Those who invest in the stock market do so to make money – this is a given. What is also a given is that the stock market is an anticipatory instrument.
Investors and traders buy shares of companies because they expect future growth in these companies. We use different metrics to measure this growth – revenue growth, gross margin percentages and, perhaps most importantly, growth (or lack of it) in the earnings per share. What is a company to do when “times are tough” and growing its EPS is challenging? Buy back some shares!
There appears to be an increasingly common pattern among our U.S. corporations. We have all heard that they are holding record amounts of cash. In more certain times, they would deploy this cash in expanding into new businesses or building new plants. Perhaps they would find ways to invest in research and innovation of new products and services. Instead, we have companies buying back shares at an astounding rate. This year alone, $445 billion has been authorized in buybacks, the most since 2007.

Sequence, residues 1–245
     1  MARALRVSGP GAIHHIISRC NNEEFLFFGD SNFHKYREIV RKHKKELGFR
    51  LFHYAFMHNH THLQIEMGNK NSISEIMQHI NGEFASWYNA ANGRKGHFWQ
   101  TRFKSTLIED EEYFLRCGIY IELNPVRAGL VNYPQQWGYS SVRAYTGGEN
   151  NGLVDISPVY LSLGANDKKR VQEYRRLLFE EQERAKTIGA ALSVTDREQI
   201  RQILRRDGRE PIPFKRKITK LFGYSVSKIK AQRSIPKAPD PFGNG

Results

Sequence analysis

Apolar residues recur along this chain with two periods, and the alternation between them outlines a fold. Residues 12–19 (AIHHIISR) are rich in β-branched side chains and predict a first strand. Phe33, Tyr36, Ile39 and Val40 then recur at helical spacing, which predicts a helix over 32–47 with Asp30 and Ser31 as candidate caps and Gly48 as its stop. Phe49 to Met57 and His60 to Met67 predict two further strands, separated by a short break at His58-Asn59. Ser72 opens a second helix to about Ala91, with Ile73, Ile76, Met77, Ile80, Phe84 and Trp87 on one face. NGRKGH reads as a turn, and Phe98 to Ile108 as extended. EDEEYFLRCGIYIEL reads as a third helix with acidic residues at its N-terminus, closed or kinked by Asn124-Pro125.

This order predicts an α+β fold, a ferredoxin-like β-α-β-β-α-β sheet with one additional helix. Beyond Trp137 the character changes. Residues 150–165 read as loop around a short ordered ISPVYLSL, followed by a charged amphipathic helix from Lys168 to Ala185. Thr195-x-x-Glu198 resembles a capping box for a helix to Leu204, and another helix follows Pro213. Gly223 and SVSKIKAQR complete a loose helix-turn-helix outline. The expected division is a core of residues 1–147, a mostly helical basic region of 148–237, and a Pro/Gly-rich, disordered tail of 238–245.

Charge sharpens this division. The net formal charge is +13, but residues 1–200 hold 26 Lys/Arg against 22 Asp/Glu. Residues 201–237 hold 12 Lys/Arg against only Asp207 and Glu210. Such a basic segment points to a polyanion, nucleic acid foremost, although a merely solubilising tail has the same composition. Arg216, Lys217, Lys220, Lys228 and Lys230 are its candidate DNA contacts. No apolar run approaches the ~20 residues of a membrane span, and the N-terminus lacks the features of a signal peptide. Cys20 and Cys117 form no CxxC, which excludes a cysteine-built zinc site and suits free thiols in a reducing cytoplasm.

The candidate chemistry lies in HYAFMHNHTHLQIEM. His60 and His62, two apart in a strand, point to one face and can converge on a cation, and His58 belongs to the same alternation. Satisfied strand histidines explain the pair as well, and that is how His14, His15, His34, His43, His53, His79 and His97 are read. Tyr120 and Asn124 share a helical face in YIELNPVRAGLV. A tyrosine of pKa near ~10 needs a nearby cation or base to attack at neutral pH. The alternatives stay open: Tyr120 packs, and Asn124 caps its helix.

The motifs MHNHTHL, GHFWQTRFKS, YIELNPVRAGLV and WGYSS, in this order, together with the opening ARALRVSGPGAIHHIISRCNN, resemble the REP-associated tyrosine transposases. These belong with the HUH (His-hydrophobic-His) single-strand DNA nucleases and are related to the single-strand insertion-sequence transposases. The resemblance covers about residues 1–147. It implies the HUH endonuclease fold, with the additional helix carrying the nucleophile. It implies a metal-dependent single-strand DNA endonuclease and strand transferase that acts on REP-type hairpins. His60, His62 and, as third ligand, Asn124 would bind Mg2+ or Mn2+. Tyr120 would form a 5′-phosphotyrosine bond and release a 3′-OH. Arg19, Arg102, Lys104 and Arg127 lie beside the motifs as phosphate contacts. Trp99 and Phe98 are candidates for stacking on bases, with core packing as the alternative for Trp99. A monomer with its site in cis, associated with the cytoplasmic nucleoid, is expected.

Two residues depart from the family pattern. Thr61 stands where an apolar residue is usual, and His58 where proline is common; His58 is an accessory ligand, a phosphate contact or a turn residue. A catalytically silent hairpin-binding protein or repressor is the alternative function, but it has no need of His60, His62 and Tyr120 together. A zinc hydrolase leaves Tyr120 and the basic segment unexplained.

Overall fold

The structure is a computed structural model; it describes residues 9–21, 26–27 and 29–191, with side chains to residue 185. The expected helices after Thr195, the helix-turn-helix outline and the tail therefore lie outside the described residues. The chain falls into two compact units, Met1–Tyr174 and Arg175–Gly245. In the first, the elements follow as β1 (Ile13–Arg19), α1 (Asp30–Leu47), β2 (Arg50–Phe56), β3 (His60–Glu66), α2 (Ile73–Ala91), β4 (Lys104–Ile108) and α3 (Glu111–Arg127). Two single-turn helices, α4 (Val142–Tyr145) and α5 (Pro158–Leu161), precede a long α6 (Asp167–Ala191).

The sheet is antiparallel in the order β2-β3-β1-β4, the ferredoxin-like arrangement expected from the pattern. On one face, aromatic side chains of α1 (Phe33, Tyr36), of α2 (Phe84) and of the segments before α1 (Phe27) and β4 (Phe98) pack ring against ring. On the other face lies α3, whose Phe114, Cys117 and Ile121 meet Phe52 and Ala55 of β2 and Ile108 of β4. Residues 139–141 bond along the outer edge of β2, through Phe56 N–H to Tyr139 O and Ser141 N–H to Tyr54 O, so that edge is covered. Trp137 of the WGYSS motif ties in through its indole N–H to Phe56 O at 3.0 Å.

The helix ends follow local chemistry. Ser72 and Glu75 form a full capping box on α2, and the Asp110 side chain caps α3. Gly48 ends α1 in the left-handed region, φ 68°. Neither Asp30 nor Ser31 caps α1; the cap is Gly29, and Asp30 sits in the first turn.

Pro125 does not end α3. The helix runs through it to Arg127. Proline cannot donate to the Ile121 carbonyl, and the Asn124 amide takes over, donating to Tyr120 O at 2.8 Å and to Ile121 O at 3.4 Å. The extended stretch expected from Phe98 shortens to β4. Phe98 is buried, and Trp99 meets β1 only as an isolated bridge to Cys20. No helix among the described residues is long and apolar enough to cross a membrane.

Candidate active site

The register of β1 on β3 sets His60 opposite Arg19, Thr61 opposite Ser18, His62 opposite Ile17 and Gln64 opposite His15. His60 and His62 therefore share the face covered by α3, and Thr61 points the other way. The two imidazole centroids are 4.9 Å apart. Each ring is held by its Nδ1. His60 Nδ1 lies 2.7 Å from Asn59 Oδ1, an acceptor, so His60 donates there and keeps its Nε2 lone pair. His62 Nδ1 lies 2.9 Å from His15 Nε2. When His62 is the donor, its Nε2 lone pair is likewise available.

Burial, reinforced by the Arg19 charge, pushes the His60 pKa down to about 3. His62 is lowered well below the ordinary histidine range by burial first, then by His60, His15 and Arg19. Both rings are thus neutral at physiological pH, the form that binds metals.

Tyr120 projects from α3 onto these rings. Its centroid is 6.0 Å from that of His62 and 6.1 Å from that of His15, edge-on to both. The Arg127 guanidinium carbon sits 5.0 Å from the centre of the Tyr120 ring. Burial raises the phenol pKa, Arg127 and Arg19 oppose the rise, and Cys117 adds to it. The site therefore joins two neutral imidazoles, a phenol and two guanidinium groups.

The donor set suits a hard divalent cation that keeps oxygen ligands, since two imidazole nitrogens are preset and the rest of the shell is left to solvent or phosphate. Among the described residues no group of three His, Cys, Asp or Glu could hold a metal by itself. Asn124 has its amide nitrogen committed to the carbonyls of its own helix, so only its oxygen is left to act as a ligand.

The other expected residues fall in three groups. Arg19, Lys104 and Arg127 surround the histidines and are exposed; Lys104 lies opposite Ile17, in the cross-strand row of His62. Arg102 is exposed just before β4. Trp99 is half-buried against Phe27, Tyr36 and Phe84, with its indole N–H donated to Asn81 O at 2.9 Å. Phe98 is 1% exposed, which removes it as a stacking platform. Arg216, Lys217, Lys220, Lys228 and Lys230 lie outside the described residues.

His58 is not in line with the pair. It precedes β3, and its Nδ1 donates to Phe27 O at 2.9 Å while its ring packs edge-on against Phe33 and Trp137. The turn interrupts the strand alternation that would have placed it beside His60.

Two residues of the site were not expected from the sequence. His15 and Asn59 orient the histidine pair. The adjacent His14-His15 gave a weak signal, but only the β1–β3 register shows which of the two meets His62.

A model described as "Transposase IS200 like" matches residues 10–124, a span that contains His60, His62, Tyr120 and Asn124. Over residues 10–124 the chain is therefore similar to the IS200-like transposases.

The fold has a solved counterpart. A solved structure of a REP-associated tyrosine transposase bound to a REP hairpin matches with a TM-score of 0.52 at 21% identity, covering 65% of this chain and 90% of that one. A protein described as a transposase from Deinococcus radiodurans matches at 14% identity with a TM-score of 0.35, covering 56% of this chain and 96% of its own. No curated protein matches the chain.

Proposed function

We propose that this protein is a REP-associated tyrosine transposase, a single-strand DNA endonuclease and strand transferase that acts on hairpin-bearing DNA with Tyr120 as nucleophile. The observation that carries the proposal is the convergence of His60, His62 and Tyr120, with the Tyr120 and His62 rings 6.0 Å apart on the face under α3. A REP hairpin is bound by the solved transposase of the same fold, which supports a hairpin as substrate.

What advantage do share buybacks give a company? The principle behind buybacks is simple. With fewer shares in circulation, earnings per share can rise even if the company’s underlying growth is lackluster. While the effort is intended to give support to current shareholders, it doesn’t always work out that way. Zimmer Holdings, a medical device maker in Statesville, NC, bought back $500 million worth of its own shares last year. This was more than twice what it spent on research and development. Due to this buyback, EPS growth came in at 10%, even though operating income and revenue grew by less than 5% in 2010. Misleading?! Investors have not rewarded this strategy for Zimmer, as its shares have dropped 32% in the last five years.
In addition, we now have many companies buying back shares at the same time they are laying off employees. For example, Campbell Soup said it would buy back $1 billion in stock and announced five days later it would be eliminating 770 jobs. Hewlett Packard announced a $10 billion buyback in July, then reduced its workforce by 500 jobs in September.
As consumers, we all know the phrase “buyer beware”. For those of us who invest in equities, we might need another phrase as well… “Beware the Buyback”!
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